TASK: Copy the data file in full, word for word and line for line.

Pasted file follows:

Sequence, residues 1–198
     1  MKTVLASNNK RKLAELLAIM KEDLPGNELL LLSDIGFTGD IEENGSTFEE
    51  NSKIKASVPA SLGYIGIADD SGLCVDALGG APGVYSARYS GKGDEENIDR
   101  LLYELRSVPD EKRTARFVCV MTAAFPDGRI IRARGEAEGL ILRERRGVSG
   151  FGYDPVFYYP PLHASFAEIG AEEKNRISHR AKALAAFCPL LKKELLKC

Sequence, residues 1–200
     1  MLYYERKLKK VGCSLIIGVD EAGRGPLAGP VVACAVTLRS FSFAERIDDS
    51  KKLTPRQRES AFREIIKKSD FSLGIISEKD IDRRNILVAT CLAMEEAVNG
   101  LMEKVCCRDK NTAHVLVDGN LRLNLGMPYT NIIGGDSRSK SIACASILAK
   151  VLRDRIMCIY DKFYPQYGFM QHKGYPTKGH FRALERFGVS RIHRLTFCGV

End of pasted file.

Sequence, residues 1–198
     1  MKTVLASNNK RKLAELLAIM KEDLPGNELL LLSDIGFTGD IEENGSTFEE
    51  NSKIKASVPA SLGYIGIADD SGLCVDALGG APGVYSARYS GKGDEENIDR
   101  LLYELRSVPD EKRTARFVCV MTAAFPDGRI IRARGEAEGL ILRERRGVSG
   151  FGYDPVFYYP PLHASFAEIG AEEKNRISHR AKALAAFCPL LKKELLKC

Sequence, residues 1–200
     1  MLYYERKLKK VGCSLIIGVD EAGRGPLAGP VVACAVTLRS FSFAERIDDS
    51  KKLTPRQRES AFREIIKKSD FSLGIISEKD IDRRNILVAT CLAMEEAVNG
   101  LMEKVCCRDK NTAHVLVDGN LRLNLGMPYT NIIGGDSRSK SIACASILAK
   151  VLRDRIMCIY DKFYPQYGFM QHKGYPTKGH FRALERFGVS RIHRLTFCGV